Relational aggression

Educator, Rachel Simmons, Author of Odd Girl Out, discusses girls' relational aggression and the "silent treatment"
Teaching Girls About The Pain Caused By Relational Aggression - Parenting Advice
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Relational aggression

Up until about the age of three, boys and girls express anger in pretty much the same way. You are made at someone, you might punch them or kick them or bite them or take something from them. But girls start to do something different right around that age. When they get angry they go up to the person who they’re upset with and they say, “You give me that toy or I won’t be your friend anymore.” That’s the beginning of relational aggression. “You do what I want or you can’t come to my birthday party. You can’t sit at the lunch table with me. ” It’s the use of friendship as a weapon and it’s something we haven’t talked about until very recently. It is absolutely vital for parent s to step in and deal with that behavior the moment they hear it. If we don’t, girls will grow up to believe that this is an appropriate way to express your anger when in fact, it’s a form of blackmail. Relational aggression may start out as, “ You give me what I want or I won’t be your friend anymore”, but as girls get more socially intelligent and savvy, it can turn into the silent treatment. I’m just going to stop speaking to you so that you do what I want. I’m going to hold our relationship hostage as a way to manipulate you. There’s nothing wrong with girls getting angry, but there is something wrong with blackmail as a way of expressing it. We need to direct girls into more assertive expressions of their anger. If you hear your daughter say something like that you want to stop her, let her know that is not acceptable in your family, help her understand the impact of her feelings by saying, “How do you think so and so feels when you say that” and create a consequence. Ask yourself as a parent, if my daughter hit someone how would I handle it? That’s exactly how you want to handle relational aggression.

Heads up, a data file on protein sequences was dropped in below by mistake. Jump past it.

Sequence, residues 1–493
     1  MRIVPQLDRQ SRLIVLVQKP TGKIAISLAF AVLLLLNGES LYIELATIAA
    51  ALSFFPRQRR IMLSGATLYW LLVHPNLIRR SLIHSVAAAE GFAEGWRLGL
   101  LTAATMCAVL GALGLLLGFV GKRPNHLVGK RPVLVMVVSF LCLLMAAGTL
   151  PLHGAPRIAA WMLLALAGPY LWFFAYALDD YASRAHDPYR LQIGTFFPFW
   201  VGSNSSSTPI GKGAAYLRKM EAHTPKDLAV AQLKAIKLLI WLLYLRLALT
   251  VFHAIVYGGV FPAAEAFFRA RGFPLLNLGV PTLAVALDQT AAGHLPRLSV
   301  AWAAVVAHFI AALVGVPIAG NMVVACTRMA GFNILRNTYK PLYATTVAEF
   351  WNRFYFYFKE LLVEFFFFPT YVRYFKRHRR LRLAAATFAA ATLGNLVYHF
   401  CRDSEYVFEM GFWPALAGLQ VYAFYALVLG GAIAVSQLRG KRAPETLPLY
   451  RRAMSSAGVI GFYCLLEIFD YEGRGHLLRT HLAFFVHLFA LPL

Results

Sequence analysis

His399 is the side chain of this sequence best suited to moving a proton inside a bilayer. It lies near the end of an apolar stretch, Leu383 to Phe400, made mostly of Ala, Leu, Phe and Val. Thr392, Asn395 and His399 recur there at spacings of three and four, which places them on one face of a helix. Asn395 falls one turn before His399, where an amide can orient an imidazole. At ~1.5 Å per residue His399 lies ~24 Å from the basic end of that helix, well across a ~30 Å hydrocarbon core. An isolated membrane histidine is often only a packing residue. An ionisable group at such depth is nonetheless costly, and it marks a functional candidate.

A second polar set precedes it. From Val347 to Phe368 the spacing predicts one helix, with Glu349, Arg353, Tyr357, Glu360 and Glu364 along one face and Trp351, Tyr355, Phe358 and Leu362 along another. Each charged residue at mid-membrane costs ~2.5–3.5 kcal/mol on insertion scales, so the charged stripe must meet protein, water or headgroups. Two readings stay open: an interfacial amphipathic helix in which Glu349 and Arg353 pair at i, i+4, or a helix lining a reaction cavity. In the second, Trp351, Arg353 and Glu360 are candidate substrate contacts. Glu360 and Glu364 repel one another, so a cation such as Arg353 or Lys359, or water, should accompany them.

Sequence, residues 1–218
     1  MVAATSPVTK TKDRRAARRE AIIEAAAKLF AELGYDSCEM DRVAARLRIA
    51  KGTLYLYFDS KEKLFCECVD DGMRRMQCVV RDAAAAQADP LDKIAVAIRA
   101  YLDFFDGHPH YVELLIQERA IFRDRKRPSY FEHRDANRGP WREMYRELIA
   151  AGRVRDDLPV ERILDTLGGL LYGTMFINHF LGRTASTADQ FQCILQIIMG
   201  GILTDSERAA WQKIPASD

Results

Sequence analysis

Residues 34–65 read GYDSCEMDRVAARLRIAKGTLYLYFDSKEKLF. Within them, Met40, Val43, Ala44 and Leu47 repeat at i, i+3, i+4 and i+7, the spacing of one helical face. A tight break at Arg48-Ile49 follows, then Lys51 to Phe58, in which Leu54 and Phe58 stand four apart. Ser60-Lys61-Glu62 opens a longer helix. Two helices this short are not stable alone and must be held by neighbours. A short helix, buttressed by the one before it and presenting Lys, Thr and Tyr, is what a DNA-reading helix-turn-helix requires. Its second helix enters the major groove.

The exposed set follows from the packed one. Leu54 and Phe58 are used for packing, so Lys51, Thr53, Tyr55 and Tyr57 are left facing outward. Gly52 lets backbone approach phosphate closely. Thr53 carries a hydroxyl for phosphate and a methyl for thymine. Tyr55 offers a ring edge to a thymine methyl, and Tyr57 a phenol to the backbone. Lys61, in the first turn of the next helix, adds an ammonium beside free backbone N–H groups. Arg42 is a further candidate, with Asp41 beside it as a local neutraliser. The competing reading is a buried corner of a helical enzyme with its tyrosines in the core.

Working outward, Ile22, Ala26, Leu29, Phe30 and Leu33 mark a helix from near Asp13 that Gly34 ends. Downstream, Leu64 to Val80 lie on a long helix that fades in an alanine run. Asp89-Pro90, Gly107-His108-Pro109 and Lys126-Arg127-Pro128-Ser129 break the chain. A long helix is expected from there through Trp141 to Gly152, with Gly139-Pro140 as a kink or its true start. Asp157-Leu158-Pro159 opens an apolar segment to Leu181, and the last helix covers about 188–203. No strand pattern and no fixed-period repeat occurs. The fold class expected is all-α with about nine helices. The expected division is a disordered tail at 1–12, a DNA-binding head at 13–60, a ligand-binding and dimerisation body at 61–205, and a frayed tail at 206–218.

Educator, Rachel Simmons, Author of Odd Girl Out, discusses girls' relational aggression and the "silent treatment"


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Rachel Simmons

Author & Educator

Rachel Simmons is the author of the New York Times bestsellers Odd Girl Out: The Hidden Culture of Aggression in Girls, and The Curse of the Good Girl: Raising Authentic Girls with Courage and Confidence. As an educator, Rachel works internationally to empower young women to be more authentic, assertive and self-aware.

Rachel is a Vassar graduate and Rhodes Scholar from New York. The co-founder of the Girls Leadership Institute, she is an experienced curriculum writer and educator who works with schools and organizations around the world. She currently develops leadership programs for undergraduate women at the Center for Work and Life at Smith College. She has previously worked as a classroom teacher in Massachusetts and South Africa.

Rachel was the host of the recent PBS television special, “A Girl’s Life,” and is a contributing writer and advice columnist for Teen Vogue.

Rachel has appeared on Oprah and the Today show, and appears regularly in the national me- dia. Odd Girl Out was adapted into a highly acclaimed Lifetime television movie. Rachel lives in western Massachusetts with her daughter and West Highland Terrier, Rosie, who is currently taking private workshops with Rachel to learn how to stop bullying other dogs.

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